And here it remains in an email. This message variable allows me to easily alter out a countdown timer. I did discuss earlier that a person of the cons of ActiveCampaign is their e-mail editing experience. I changed from MailChimp, and MailChimp occurs to have the very best e-mail editing experience. I really like to send simple e-mails.

Active Campaign Divi Opt In Module

I have actually found that really difficult to do with ActiveCampaign. For some time, I was modifying emails in ActiveCampaign’s hybrid editor, which is quite cumbersome. For a long time, I used ActiveCampaign’s hybrid HTML and WYSIWYG editor, which was activated by a basic design template I developed. The interface for the HTML editor appears like it was pulled from some complimentary open-source task. Active Campaign Divi Opt In Module.

However, adding images is a little a chore. You need to choose them from a file internet browser. There’s no drag and drop option. ActiveCampaign’s HTML e-mail editor requires that you make up completely in HTML. The option to this, if you wish to have control over the HTML, is to modify pure HTML, with a preview on the side.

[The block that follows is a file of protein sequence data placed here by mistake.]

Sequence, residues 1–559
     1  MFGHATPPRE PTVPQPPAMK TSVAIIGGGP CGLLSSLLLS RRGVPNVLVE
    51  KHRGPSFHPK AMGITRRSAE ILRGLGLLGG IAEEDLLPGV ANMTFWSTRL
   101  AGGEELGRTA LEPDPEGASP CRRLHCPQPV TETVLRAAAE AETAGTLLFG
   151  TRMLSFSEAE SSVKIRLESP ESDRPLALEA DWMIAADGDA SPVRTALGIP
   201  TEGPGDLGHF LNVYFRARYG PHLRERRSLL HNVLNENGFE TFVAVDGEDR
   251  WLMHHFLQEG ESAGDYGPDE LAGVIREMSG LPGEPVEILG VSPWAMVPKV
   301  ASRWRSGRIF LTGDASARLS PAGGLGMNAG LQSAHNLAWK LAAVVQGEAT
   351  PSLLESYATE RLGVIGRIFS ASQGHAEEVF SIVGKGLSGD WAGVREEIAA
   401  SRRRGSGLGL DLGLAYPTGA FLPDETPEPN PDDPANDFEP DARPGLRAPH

Including images to ActiveCampaign’s rich full-screen editor is a cumbersome experience. You require separate text boxes for above and listed below the image. Recently I have started utilizing ActiveCampaign’s rich full-screen editor. They have some great templates, however I still want to send out the simplest e-mail possible. They do have some plain-looking emails, however they have some degree of very little format, which you can’t get rid of – Active Campaign Divi Opt In Module.

Active Campaign Divi Opt In Module

However, with some adjustments, I can make my e-mail quite fundamental. I can make it immediately use up the whole window, and I can tweak the typography to be somewhat larger, and have a bit more prominent. The most aggravating part of ActiveCampaign’s rich full-screen editor is adding images. Envision you’ve simply typed out a terrific e-mail. Active Campaign Divi Opt In Module.